Soon, the epidemic arrived in Chicago. On August 28, 1918, reports of the increased death rate in Massachusetts were reported in Chicago newspapers, warning citizens of the potential risk of the epidemic reaching them. Nationwide, military camps suffered mass outbreaks throughout September, and yet, the Chicago Tribune printed reassuring news stories that suggested the flu was under control. On September 8, 1918, the virus took its first victims of the city: sailors at the Great Lakes Naval Training Station.
insufficient progress to date remains less than 50% been made in view of the increasing speed of the HCWs influenza vaccine. Medical workers have identified a number of barriers to vaccination. But eliminate this barrier, and effectively increase the support rates of the multi-faceted program inoculation any inoculation, this program is a recent phenomenon, it was widely. Medical authorities are now considering a mandatory influenza vaccination for health care providers (Sullivan,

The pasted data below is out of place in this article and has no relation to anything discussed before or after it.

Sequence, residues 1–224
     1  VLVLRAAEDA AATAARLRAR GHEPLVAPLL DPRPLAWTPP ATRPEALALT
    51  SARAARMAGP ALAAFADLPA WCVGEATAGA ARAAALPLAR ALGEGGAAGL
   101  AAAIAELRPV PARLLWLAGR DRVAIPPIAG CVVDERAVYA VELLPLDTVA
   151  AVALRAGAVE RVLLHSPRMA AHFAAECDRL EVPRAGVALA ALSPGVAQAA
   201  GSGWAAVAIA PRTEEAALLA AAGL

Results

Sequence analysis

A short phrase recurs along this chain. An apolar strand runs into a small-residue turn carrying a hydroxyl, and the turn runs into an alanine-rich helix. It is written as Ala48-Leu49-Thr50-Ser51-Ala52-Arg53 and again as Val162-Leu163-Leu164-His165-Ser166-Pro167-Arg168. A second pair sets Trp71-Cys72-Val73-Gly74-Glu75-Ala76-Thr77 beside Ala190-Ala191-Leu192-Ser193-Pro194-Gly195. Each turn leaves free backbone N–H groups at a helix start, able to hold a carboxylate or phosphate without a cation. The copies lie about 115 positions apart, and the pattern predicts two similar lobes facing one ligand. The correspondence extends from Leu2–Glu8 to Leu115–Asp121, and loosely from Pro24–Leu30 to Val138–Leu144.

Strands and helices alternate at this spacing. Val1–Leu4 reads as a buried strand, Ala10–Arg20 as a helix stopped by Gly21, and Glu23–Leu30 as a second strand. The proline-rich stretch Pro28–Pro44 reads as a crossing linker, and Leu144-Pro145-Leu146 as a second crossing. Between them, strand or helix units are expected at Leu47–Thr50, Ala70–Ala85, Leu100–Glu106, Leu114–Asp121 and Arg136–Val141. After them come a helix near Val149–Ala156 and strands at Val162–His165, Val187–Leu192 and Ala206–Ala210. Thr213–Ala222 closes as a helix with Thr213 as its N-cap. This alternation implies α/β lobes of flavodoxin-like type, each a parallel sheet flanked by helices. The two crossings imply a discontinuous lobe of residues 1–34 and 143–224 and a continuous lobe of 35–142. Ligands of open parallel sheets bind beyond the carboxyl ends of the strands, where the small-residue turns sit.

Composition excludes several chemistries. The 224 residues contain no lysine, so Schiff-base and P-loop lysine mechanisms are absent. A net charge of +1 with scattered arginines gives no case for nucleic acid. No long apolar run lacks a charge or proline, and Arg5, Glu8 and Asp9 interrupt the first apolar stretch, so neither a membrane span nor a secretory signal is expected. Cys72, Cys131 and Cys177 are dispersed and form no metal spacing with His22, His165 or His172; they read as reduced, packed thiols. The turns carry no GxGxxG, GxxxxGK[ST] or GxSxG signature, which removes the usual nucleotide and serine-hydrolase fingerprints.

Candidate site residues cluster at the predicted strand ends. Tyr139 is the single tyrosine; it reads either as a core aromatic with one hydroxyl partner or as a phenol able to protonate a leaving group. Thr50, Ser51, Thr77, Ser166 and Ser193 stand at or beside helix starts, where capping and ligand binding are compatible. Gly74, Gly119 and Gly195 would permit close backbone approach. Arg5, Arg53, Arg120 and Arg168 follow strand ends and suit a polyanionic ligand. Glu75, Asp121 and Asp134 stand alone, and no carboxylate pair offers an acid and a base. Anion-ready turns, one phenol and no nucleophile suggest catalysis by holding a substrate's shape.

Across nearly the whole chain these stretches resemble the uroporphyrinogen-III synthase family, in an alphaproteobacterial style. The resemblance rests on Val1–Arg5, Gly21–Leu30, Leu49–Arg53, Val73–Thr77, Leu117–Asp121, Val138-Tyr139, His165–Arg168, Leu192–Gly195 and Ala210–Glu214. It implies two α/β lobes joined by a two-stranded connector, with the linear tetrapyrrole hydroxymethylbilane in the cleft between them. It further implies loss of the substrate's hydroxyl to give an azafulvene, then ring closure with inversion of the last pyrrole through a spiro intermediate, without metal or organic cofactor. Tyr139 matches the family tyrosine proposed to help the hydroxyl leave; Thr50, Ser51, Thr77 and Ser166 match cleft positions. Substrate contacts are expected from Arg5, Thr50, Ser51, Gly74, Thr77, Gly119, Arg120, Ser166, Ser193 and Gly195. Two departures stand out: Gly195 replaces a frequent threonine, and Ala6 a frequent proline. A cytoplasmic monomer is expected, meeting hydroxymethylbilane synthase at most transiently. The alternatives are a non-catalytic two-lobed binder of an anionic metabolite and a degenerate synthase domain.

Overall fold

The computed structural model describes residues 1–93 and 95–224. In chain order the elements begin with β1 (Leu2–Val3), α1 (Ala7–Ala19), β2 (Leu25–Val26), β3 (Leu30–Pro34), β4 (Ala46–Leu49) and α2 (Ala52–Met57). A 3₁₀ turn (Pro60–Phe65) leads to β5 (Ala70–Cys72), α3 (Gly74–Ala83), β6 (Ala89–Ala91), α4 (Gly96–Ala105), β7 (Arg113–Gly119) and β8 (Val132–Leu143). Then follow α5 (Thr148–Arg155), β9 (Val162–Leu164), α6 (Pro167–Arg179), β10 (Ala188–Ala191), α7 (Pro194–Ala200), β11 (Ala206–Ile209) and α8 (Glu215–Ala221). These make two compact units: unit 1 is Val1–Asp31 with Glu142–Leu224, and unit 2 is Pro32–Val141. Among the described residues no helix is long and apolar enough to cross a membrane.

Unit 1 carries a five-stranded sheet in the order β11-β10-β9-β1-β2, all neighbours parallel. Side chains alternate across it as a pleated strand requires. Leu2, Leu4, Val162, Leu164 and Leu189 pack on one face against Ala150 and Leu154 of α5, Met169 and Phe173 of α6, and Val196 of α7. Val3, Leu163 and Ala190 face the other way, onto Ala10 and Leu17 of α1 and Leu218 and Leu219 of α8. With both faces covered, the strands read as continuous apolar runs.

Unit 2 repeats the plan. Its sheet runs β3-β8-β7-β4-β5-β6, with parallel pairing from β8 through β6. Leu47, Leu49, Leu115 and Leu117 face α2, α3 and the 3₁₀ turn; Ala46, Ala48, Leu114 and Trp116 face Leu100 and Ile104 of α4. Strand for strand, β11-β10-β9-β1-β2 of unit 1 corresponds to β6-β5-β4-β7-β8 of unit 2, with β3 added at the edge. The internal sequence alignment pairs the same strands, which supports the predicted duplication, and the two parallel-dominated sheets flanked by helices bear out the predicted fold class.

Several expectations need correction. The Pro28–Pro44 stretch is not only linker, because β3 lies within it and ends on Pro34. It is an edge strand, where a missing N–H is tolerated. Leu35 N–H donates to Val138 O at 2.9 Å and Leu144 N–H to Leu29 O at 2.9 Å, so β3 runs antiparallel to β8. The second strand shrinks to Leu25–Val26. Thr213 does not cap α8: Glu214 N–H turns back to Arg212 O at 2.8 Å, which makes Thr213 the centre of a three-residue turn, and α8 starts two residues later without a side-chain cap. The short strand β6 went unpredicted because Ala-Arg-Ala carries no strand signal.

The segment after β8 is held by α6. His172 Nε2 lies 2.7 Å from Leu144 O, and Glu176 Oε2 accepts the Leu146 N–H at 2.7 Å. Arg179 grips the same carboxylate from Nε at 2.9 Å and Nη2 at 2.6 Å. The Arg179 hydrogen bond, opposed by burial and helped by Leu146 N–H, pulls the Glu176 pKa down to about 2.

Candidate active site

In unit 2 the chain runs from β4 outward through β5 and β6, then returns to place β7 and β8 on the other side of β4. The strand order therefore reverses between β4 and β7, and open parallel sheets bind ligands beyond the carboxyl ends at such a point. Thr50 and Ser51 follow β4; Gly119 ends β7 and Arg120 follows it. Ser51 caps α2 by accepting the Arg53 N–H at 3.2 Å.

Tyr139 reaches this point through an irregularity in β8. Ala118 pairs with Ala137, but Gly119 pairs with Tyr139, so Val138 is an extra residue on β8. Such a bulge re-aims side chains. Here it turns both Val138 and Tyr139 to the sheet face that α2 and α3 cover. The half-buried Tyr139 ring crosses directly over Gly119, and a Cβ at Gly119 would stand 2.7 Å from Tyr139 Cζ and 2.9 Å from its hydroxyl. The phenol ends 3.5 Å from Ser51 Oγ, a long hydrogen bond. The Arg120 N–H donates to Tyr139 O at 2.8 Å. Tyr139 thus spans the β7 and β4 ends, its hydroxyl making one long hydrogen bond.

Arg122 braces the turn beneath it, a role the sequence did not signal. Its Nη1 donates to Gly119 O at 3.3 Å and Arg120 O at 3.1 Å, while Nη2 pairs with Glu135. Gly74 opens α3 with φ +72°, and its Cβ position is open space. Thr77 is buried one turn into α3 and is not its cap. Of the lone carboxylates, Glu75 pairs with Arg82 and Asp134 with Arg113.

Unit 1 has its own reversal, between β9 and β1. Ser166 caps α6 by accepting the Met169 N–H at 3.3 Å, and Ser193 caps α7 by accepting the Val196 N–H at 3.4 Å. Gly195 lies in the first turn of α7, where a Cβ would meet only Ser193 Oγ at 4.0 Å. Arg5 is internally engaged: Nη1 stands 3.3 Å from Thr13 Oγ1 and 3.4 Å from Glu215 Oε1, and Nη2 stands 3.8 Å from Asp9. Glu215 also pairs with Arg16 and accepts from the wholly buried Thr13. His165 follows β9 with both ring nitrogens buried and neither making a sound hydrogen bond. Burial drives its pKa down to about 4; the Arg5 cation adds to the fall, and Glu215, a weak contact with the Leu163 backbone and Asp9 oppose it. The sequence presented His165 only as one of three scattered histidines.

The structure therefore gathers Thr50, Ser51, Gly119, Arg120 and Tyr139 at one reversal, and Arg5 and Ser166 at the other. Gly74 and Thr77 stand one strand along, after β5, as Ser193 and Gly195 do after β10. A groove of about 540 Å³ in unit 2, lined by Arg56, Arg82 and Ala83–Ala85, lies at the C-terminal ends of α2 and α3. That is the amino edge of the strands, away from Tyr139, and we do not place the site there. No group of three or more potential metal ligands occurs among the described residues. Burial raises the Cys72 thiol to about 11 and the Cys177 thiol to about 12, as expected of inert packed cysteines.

Influenza vaccines direct and indirect medical costs have resulted in an effective cost saving for all ages especially the 65 and up (Carias et al., 2015). The direct and indirect cost of influenza vaccination is associated with many economic principles that ties in with 1) the health outcomes, 2) medical cost, 3) hospitalizations, 4) loss of lives, 5) inpatients admission, 6) over the counter medication, 7) out of patients visits, drug prescription, 9) days lost to work and much more (Carias et al., 2015). Therefore, the overall economic cost of providing vaccination to the population is relevantly high given the above factors that is considerable to weigh the benefits cost of vaccination.